Police Officers Will Now Need a Warrant, or Meet an Exception to the Warrant Requirement, in Order to Blood Test DWI Suspects

The fact that the human body naturally metabolizes alcohol in the blood does not automatically constitute exigent circumstances for the Fourth Amendment search warrant exception.

In Missouri v. McNeely, 133 S. Ct. 1552 (2013), the U.S. Supreme Court held that whether an officer is permitted to require a blood test of a suspected drunk driver must be determined on a case by case basis. In the McNeely case, the defendant had refused to submit to a breathalyzer test after failing field-sobriety tests. The officer who pulled him over then took him to a hospital where a blood test was performed without McNeely’s consent or a search warrant.

McNeely filed a motion to suppress the results of the blood test, which had determined his BAC (blood alcohol concentration) was almost double the legal limit. The trial court granted his motion to suppress due to his lack of consent and a warrant, saying that the typical circumstances of the body processing alcohol did not qualify as exigent circumstances under the established Fourth Amendment exception. The trial court determined that there was no reason the officer could not obtain a warrant first. The Missouri Supreme Court affirmed the lower court’s decision.

The exigency exception “applies when the exigencies of the situation make the needs of law enforcement so compelling that a warrantless search is objectively reasonable under the Fourth Amendment.” Kentucky v. King, 131 S. CT. 1849, 1856 (2011).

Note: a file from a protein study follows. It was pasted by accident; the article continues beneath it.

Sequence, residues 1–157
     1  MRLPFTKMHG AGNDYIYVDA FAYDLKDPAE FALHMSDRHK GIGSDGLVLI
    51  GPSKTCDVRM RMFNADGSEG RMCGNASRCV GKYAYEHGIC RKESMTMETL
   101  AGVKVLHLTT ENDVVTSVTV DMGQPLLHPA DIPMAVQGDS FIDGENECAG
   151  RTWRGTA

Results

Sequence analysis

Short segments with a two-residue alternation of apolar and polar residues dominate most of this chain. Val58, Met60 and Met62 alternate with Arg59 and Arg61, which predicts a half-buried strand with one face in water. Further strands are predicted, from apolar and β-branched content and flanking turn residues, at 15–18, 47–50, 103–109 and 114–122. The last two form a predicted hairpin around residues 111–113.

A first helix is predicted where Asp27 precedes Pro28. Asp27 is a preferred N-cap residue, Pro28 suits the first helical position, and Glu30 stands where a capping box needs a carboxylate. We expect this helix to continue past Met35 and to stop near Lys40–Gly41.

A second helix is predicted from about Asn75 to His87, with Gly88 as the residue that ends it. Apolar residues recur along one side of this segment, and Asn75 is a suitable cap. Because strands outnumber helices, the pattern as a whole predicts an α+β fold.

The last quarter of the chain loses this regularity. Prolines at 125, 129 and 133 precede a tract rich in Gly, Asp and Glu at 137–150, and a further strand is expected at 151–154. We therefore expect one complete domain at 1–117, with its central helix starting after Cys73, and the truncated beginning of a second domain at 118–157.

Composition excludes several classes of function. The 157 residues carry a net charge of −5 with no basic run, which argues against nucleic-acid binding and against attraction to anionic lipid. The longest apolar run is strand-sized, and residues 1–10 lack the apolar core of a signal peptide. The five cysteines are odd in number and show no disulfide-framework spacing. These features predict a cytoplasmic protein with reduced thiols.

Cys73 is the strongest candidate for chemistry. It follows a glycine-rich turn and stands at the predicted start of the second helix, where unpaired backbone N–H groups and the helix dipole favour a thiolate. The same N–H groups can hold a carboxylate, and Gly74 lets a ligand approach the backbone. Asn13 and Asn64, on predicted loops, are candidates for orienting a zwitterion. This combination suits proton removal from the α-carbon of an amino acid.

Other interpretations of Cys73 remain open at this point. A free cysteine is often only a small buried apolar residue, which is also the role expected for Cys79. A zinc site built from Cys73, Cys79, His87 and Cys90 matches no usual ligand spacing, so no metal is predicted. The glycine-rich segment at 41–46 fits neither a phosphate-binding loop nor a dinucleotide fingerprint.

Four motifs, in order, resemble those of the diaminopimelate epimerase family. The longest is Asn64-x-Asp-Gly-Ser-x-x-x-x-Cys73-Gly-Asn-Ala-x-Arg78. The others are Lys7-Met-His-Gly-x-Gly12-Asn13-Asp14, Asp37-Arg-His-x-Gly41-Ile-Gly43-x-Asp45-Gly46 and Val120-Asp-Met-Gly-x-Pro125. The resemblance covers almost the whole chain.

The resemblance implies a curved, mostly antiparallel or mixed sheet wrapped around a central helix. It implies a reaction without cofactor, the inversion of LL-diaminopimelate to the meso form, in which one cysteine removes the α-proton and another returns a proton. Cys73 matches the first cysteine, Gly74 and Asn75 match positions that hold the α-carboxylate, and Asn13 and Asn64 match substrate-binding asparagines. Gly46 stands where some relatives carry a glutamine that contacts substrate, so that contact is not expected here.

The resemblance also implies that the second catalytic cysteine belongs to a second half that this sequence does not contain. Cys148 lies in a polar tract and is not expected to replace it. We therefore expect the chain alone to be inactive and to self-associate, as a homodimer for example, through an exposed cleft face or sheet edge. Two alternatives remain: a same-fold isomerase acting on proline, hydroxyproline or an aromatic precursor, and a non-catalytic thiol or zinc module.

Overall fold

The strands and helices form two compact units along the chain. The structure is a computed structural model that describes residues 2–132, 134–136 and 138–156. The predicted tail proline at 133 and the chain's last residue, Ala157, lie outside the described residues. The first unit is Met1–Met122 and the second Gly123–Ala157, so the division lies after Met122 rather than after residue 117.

The U.S. Supreme Court discussed how the metabolization of alcohol is a predictable process, and further how taking suspected drunk drivers to a place where a blood test can be performed requires time. In fact, likely the same kind of delay that would be necessary in order to obtain a search warrant. All of this was considered in the context of how technology enables officers to obtain warrants quicker and easier than ever before. In situations where true exigent circumstances do exist, the Court found that no warrant will be required. Trial courts will now have to decide on a case by case basis whether exigent circumstances exist in order for law enforcement to circumvent the warrant requirement when taking the blood of suspected drunk drivers to determine their BAC levels.

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